From Russia with Love: Orient express fight. A savage fight to the death between Sean Connery’s James Bond and Robert Shaw’s remorseless assassin Grant. In a compartment aboard the Orient Express, Grant has Bond at gunpoint, but Bond tricks him into opening an exploding briefcase. The subsequent fight is superbly staged and edited, benefiting from both actors performing most of their own stuntwork, so the camera captures their snarling faces as they smash one another against the walls of the compartment (there’s a particularly neat moment when they bounce off the unconscious Bond girl without noticing). As Grant hooks a garrotte around Bond’s neck, it ends with one of those satisfying pay-offs in which only Q’s gift (a knife concealed in the briefcase) can save Bond’s life.
The Bourne Identity: Mini Cooper chase. Amnesiac assassin Jason Bourne (matt Damon) and his love interest Marie (Franka Potente) escape from the authorities in Marie’s Mini Cooper. Paul Greengrass’s two sequels demonstrated an extraordinary new visual style for the action movie, but it’s Doug Liman’s original Bourne movie that still just wins when it comes to most satisfying car chase. The build-up nicely links the moment when the action begins to the development of the two main characters’ relationship. Bourne is on the run, and Marie is in danger of being arrested with him. As the police close in, Bourne warns her that this is her last chance to get away from him, but Marie opts to remain in the car. A marvellously funky piece of music - Paul Oakenfold’s “Ready, Steady, Go” starts playing on the soundtrack, Bourne swerves the Mini into gear and the audience knows that Bourne and Marie’s destinies are now inseparable. As in The Italian Job, the small simplicity of the Mini makes it a joy to watch as it hurtles down alleyways, slides over zebra crossings and smashes through glass, and the ingenious stunt-driving is accentuated by setups and visual punch lines: Bourne saying “We got a bump coming” as the Mini leaps down a flight of steps, his little grimace of concentration as he changes gear when they reach the bottom, Marie going “whoa” just before they smash through an open phonebox door. The chase you hope all thrillers are building up to.
The Bourne Ultimatum: Bourne vs. Desh. An assassin named Desh (Joey Ansah), is closing in on an ally of Bourne’s, as Bourne rushes across rooftops to get there first. As Desh takes aim, Bourne leaps off the balcony of an adjacent building - a glorious bit of stuntwork - and comes smashing in through the window, where the two fight like savage bulls. Paul Greengrass’s way of directing action sequences is disorientating and terrifying. It’s edited at a furious pace, going for frantic close-ups rather than panoramic shots, with excruciating sound effects, as their hands scrabble for whatever object - a cookbook, a candlestick, a razor, a towel - is at hand. By the time Bourne has throttled Desh, everyone in the audience feels beaten up.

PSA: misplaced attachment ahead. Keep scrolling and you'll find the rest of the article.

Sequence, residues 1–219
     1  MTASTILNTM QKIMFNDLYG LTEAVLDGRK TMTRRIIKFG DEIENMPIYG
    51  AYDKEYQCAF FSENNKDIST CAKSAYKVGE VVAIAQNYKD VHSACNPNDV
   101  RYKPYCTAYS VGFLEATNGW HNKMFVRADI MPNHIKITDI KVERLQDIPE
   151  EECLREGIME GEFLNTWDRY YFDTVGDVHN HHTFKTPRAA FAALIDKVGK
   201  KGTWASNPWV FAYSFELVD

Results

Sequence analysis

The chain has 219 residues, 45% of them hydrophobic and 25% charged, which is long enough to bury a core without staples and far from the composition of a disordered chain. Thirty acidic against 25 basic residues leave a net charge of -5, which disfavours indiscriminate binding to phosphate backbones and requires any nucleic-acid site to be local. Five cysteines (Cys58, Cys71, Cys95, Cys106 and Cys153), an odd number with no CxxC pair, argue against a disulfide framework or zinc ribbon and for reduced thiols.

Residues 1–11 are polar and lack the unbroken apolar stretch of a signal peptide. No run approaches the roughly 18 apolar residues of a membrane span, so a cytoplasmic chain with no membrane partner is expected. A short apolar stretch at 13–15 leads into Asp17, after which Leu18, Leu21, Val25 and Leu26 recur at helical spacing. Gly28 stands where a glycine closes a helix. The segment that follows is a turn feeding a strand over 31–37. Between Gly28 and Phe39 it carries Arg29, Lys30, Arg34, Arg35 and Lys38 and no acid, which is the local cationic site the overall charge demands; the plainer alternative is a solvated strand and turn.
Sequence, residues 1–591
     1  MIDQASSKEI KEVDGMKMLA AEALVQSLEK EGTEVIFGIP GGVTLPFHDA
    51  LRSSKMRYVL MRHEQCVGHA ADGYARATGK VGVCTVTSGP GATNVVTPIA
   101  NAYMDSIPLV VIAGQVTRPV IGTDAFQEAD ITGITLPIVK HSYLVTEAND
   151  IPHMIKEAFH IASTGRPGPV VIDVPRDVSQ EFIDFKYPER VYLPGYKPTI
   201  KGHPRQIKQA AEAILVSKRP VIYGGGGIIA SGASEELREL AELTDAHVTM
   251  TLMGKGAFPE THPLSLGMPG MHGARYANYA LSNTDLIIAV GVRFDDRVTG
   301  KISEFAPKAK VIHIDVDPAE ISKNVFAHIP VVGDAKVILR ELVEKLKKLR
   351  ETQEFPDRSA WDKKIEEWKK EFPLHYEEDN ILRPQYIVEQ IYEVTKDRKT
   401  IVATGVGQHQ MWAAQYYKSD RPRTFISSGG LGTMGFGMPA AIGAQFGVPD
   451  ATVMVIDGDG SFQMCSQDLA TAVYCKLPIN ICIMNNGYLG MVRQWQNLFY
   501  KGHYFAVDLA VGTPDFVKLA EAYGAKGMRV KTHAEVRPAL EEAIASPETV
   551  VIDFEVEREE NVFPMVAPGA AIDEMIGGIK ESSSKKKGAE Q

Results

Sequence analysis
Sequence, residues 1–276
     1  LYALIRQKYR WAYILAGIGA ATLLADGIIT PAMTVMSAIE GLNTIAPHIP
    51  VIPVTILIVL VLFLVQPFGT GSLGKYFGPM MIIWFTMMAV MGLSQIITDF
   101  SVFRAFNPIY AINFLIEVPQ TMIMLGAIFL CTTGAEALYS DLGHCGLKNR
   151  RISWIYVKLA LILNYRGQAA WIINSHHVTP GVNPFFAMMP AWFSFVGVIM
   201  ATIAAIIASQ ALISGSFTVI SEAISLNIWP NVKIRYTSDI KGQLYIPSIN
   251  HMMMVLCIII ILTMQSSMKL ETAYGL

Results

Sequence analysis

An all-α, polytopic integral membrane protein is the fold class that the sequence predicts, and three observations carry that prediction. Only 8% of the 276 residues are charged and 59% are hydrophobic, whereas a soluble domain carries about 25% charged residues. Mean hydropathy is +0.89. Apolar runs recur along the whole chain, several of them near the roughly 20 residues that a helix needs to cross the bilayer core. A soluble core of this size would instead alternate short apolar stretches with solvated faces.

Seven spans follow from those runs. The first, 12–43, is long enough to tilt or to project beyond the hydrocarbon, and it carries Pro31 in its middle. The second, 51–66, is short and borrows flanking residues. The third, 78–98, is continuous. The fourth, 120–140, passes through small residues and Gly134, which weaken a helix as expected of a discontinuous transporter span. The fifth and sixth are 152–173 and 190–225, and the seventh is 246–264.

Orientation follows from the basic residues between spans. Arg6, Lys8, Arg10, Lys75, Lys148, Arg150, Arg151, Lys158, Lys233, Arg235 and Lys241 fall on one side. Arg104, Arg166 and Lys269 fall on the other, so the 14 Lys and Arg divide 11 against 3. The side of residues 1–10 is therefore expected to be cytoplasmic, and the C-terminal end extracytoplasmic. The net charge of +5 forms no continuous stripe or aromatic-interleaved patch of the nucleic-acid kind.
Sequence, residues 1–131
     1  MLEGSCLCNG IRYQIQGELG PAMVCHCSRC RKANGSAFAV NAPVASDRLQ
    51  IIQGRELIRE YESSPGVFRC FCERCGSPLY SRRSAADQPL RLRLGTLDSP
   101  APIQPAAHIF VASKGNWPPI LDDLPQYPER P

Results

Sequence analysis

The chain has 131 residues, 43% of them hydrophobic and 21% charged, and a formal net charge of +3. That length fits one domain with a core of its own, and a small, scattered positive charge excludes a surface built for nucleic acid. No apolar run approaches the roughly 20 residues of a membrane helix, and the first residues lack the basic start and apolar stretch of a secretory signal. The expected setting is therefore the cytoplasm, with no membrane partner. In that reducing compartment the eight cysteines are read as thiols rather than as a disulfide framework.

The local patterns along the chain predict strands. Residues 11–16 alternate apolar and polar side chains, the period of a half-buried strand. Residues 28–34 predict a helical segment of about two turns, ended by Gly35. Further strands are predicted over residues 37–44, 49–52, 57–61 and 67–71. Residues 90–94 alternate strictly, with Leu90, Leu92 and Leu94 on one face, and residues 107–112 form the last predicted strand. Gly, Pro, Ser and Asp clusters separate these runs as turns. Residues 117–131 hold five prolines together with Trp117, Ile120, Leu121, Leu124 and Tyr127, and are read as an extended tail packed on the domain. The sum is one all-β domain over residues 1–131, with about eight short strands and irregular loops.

Casino Royale: free-running chase. Daniel Craig’s Bond pursues Molanka, a bomb maker, through a construction site, and refuses to give up the chase even when Molanka makes it to an embassy. Molanka is played by parkour - or “free-running” - champion Sebastian Foucan, and this extraordinary sport is skilfully integrated into the chase, making it in equal parts thrilling and beautiful to watch, with Bond having to counter his opponent’s unusual talent with sheer determination. The sight of Bond running up a crane is one of the most heroic images in cinema. It ends on a marvellous visual punch line - and with a very big bang - as Bond hands over his pistol to the embassy soldiers, only to pull out a second one, shoot his quarry and then a gas cylinder, vanishing in a puff of smoke. Highly appropriate for such a magical sequence.
GoldenEye: tank chase. Pierce Brosnan’s James Bond commandeers a tank and pursues the car of a Russian General who’s kidnapped the Bond Girl through the streets of St Petersburg, taking on armed Russian forces and destroying a good deal of the city in the process. 1995’s GoldenEye was determined to have fun, as it had been six years without a Bond film and the public were hungry for a return. Rather than apologise for being a Bond film - something the Daniel Craig movies tend towards - GoldenEye is a glorious reinstatement. There’s a big build-up to a spectacular shot of the tank crashing through a wall, a smartly suited Bond revealed at the wheel as the James Bond theme kicks in. What sticks in your mind in the subsequent chase is not just the lavish effects and model work and explosive editing style, but the incongruous sight of an immaculate Englishman at the helm of a tank - who actually adjusts his collar at one point as a wonderful punch line - , the Bond girl’s half terrified, half thrilled reaction to her hero’s rampaging rescue attempts, and the Russian General’s increasingly enraged hipflask-guzzling, all irresistibly joyous touches.